The association between smoking and long-term outcomes after non-ST-segment elevation myocardial infarction in older patients.


Journal Article

BACKGROUND: Prior studies have observed that smokers have paradoxically favorable 1-year mortality rates after acute coronary syndromes, but it is unknown whether this association extends to long-term outcomes and to older patients. METHODS: We identified 38,628 patients aged ≥65 years participating in the CRUSADE Registry between February 2003 and December 2006 with non-ST-segment elevation myocardial infarction and linked these patients to Medicare claims data to assess longitudinal outcomes. Cox proportional hazard models were used to examine the association between smoking, 30-day, and long-term outcomes. RESULTS: Overall, 4,876 (13%) were current/recent smokers and 33,752 (87%) were nonsmokers. Compared with nonsmokers, smokers were younger and more likely to be male and to receive in-hospital revascularization (all P < .001) but less likely to have hypertension, diabetes mellitus, and renal insufficiency. Compared with nonsmokers, the unadjusted 30-day mortality was lower (8.7% vs 10.3%, P = .0004), but the adjusted 30-day mortality was similar (adjusted hazard ratio [HR] 1.08, 95% CI 0.97-1.20). Over a median of 3.6 years of follow-up, smokers had lower crude long-term mortality rates (53% vs 55% at 6 years, P = .001) but significantly higher long-term mortality rates after adjustment (adjusted HR 1.28, 95% CI 1.21-1.34). Smokers also had higher risks of all-cause readmission (HR 1.13, 95% CI 1.09-1.17) and recurrent myocardial infarction (HR 1.23, 95% CI 1.13-1.34). CONCLUSIONS: Among older non-ST-segment elevation myocardial infarction patients, we found that smokers had significantly higher long-term risks for both mortality and recurrent myocardial infarction. These results support ongoing efforts to promote smoking cessation, even among older patients.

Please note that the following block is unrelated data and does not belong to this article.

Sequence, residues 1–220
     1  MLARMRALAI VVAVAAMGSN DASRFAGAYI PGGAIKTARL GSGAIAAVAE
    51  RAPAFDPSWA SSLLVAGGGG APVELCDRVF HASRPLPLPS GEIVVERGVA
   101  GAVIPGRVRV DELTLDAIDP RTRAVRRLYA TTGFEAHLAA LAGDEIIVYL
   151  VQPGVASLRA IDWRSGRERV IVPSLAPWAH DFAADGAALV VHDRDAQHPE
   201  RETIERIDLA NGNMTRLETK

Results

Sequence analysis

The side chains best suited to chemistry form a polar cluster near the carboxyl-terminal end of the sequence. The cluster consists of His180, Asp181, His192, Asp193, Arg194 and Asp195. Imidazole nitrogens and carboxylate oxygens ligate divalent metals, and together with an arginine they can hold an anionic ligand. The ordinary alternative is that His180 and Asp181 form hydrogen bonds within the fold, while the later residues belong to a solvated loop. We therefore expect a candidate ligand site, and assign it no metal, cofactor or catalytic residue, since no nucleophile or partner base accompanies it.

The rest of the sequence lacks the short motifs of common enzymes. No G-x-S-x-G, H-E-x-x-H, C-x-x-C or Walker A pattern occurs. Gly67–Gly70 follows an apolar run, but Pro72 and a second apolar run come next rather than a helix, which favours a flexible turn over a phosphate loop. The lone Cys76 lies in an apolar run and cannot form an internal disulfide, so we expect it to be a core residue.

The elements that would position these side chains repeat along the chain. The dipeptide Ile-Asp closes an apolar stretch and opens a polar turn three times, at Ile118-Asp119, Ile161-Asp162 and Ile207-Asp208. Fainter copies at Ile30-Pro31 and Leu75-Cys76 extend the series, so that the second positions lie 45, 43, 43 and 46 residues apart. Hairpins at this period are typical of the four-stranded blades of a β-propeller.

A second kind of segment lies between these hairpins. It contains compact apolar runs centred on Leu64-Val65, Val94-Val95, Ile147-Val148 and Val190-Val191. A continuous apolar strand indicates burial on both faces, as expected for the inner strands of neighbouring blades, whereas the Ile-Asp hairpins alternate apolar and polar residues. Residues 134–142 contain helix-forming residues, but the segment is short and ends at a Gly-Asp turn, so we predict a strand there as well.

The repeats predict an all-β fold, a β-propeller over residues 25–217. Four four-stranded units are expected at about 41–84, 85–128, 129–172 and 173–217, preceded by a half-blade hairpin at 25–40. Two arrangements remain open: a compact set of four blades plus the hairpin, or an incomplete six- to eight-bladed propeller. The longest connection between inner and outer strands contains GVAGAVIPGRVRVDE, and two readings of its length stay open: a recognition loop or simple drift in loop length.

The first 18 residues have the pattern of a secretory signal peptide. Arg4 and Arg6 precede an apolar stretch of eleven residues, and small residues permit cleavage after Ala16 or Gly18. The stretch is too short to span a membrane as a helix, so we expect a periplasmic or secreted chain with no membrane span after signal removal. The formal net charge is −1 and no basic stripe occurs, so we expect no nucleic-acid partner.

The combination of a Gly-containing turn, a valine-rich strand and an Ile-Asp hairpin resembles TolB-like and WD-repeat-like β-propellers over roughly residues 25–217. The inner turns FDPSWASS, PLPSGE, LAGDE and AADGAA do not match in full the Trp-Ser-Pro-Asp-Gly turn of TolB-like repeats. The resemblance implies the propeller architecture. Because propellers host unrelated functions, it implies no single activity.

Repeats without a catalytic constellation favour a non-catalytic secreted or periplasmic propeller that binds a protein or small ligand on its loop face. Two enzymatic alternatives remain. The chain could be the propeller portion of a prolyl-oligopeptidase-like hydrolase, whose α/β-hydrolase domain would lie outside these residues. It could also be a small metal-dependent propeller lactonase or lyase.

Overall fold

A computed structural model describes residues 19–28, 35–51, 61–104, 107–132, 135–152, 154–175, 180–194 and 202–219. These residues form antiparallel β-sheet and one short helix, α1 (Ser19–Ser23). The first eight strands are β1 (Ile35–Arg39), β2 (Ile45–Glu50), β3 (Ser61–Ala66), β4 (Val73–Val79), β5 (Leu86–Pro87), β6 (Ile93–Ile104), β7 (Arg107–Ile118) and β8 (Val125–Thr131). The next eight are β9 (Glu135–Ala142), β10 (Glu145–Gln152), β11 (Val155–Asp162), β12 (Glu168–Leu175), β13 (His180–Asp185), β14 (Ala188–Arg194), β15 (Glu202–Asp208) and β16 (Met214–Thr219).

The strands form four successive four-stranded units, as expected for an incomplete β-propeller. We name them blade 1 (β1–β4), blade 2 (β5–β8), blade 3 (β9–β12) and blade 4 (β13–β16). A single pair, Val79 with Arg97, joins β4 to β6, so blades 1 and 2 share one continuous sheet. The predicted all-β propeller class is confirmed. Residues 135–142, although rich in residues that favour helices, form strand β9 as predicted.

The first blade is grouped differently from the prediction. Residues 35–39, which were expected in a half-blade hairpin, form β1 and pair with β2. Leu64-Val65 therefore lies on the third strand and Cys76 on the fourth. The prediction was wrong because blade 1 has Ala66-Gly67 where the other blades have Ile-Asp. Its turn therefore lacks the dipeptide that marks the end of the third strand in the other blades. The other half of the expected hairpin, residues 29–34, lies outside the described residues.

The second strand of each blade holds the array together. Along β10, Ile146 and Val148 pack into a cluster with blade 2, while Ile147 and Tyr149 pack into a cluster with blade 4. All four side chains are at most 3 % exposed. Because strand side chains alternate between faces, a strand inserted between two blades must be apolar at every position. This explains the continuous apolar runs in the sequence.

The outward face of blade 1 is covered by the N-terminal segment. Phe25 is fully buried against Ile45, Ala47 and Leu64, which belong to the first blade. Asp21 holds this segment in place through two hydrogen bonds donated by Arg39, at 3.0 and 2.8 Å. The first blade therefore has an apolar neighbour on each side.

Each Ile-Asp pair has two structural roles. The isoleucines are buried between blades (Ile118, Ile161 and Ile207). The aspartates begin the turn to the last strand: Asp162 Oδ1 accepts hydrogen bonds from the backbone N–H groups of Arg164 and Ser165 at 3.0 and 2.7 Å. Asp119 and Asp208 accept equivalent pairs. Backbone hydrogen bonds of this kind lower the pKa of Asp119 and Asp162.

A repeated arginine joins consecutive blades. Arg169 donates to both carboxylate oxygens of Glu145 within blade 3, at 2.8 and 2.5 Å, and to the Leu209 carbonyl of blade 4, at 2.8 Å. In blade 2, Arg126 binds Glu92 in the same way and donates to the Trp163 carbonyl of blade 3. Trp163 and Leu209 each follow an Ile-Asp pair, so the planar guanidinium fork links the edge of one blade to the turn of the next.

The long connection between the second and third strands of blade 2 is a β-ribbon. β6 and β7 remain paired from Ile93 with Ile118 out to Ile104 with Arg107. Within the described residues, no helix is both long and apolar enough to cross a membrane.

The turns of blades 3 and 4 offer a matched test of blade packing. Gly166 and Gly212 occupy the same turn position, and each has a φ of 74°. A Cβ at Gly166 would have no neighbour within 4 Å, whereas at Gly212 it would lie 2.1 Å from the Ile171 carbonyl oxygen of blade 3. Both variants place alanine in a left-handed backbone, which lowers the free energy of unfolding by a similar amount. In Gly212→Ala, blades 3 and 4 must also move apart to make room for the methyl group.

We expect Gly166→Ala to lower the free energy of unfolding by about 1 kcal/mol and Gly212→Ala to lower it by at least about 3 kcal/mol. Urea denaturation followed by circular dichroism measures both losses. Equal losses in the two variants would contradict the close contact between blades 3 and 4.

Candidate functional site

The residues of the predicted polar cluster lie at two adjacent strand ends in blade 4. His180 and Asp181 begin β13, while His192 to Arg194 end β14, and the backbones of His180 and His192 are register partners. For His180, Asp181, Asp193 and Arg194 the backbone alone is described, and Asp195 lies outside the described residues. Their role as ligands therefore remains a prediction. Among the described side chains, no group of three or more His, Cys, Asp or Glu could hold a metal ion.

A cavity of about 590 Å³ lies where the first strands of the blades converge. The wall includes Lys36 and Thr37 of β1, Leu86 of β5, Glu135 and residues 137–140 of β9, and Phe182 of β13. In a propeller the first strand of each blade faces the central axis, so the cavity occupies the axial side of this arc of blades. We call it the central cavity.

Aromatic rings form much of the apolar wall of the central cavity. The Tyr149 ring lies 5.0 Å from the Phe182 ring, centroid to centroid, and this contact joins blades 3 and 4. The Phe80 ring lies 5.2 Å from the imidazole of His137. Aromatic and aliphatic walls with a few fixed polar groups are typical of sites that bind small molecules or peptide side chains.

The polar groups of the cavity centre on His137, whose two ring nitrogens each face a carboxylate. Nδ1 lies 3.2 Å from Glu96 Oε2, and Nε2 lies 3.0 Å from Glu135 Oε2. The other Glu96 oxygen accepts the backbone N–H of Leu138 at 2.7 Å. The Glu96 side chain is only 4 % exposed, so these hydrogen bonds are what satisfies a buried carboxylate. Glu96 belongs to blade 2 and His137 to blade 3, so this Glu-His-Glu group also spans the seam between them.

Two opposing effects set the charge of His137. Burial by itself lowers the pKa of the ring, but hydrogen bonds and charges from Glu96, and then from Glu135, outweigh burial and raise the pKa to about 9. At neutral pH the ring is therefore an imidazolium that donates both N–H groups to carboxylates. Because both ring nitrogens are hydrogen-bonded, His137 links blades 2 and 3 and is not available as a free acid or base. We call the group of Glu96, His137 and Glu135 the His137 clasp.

Full Text

Duke Authors

Cited Authors

  • Shen, L; Peterson, ED; Li, S; Thomas, L; Alexander, K; Xian, Y; Wang, TY; Roe, MT; He, B; Shah, BR

Published Date

  • December 2013

Published In

Volume / Issue

  • 166 / 6

Start / End Page

  • 1056 - 1062

PubMed ID

  • 24268221

Pubmed Central ID

  • 24268221

Electronic International Standard Serial Number (EISSN)

  • 1097-6744

Digital Object Identifier (DOI)

  • 10.1016/j.ahj.2013.09.011


  • eng

Conference Location

  • United States